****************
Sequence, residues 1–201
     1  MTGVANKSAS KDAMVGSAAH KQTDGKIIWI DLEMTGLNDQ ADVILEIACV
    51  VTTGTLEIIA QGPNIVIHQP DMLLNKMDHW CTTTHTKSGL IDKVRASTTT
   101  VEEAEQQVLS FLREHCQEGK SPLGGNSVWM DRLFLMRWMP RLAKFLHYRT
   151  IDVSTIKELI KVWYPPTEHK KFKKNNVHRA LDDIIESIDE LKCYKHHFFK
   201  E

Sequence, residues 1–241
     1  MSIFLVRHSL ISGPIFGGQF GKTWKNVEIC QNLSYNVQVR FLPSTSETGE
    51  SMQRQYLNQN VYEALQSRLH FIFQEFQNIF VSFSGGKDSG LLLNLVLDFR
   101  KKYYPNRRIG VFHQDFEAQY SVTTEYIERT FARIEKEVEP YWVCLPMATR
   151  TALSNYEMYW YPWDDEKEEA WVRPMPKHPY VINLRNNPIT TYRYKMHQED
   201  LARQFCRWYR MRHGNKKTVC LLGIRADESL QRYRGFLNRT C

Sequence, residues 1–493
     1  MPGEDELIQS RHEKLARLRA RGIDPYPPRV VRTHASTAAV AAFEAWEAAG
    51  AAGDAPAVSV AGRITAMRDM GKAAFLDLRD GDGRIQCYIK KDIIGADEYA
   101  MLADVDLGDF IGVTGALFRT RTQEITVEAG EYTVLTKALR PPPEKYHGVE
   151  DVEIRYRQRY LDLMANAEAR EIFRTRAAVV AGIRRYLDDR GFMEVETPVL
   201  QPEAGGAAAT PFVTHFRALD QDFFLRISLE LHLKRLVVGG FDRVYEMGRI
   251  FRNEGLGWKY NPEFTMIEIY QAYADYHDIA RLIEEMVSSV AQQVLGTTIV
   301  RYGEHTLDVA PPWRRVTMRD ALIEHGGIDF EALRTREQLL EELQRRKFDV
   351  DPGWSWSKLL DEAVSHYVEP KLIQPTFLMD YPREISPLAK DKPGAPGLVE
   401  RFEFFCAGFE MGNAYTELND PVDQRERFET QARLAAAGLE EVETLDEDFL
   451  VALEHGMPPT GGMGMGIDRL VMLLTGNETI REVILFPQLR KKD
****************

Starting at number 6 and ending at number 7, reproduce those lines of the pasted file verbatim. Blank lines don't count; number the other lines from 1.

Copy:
   201  E

Sequence, residues 1–241